(NOTE:- Padlocks 1.25 in. are sometimes of the spring self-locking type; to prevent the accidental locking of keys inside the van body, it is recommended that the padlock keys should not all be carried together.)
A spring clip is fitted on the rear door to prevent chafing by the padlock.
13. The spare wheel is mounted on the rear of the dividing partition.
14. Re-enamelling and Retouching
The outside of the van has a synthetic enamel finish. Attempts to retouch any scratch or damaged part should not be made by the staff using the vehicle: work of this nature is undertaken by the Workshop Supervisor/ Mechanic-in-Charge when necessary and during periodic overhauls.
15. Modification to ladder carrier
Unless an extension ladder is properly secured on the ladder carrier the ladder is likely to work over to one side of the carrier. With Type 3 Minor Vans, of serial numbers U 81931 or below, carrying aluminium Ladders, Extension, No. 4 of an early pattern of exceptionally narrow width, lateral movement can result in the ladder stile slipping off the inside edge of the horizontal portion of the carrier woodwork at the forward end, on to the metal cross-member supporting the forward end of the carrier. Rapid wear of the ladder stile ensues.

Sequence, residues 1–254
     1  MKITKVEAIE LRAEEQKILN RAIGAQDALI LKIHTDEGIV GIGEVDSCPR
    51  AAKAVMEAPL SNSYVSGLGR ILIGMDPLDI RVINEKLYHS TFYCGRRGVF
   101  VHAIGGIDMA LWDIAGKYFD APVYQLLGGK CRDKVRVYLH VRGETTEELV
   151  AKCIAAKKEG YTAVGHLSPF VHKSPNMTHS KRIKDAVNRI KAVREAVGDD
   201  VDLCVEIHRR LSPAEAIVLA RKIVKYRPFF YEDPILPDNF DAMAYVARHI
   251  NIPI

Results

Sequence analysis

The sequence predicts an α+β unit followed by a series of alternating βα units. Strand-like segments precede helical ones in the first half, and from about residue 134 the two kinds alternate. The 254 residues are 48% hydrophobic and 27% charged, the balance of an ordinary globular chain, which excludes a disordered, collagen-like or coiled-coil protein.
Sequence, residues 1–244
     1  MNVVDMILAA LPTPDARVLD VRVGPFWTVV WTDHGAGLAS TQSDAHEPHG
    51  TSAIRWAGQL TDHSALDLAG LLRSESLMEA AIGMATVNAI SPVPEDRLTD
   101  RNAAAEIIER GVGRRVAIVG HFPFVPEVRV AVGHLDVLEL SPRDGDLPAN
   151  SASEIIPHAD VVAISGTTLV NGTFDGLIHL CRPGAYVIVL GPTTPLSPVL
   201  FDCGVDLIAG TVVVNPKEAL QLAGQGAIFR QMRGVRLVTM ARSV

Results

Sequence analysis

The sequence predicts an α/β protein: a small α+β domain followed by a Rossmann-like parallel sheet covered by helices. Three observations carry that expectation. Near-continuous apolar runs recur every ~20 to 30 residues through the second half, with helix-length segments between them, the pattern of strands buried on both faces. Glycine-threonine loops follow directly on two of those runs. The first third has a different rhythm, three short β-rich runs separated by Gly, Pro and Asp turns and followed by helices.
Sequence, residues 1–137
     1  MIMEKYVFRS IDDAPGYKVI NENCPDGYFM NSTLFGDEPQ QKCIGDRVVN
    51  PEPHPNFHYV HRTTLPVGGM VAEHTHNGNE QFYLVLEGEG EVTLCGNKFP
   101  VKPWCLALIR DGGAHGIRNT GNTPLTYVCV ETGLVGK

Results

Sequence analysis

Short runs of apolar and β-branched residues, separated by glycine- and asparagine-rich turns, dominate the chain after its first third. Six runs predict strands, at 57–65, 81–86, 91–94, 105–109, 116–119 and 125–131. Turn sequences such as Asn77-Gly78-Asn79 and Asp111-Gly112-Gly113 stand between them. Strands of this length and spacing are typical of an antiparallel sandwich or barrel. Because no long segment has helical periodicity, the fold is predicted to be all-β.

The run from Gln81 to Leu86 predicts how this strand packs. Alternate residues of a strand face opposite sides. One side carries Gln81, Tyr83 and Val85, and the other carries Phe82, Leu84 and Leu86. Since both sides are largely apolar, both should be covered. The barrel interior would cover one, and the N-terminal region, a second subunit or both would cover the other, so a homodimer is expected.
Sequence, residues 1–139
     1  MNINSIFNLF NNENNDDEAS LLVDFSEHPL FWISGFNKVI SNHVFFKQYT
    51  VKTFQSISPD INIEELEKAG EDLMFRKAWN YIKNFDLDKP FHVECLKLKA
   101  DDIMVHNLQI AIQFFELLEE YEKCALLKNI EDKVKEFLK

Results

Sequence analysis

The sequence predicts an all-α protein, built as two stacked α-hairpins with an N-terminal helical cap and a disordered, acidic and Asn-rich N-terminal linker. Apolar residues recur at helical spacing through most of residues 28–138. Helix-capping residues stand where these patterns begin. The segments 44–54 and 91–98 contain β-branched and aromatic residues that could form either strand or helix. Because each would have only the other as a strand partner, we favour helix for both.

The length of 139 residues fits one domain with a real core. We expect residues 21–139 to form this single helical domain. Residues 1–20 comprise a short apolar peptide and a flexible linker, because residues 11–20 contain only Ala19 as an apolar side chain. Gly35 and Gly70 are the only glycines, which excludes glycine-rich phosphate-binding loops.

If such difficulty is encountered, a request should be made to the R.M.T.O., via the Workshop
Supervisor/Mechanic-in-Charge, for the ladder carrier to be modified by. widening the wooden members which support the ladder stiles, from 3.75 in. to 4.5 in.
The ladder racks on Type 3 Minor Vans with serial numbers above U 81931 already embody the 44 in. wide wooden members to support the ladder stiles. Later issues of aluminium Ladders, Extension, No. 4 (and Ladders, Extension, No. 4A) are specified to be of a minimum width which does not give rise to the
Minor Vans, Type 3, are not suitable for towing any type of trailer or for use as a power unit, and officers are forbidden to use or attempt, to use the vehicle for these purposes.
Standard inscriptions for signwriting are given in C 0015.
18. The speed limit for this vehicle is 30 m.p.h.
References:- B 3550, C 0015, M 0048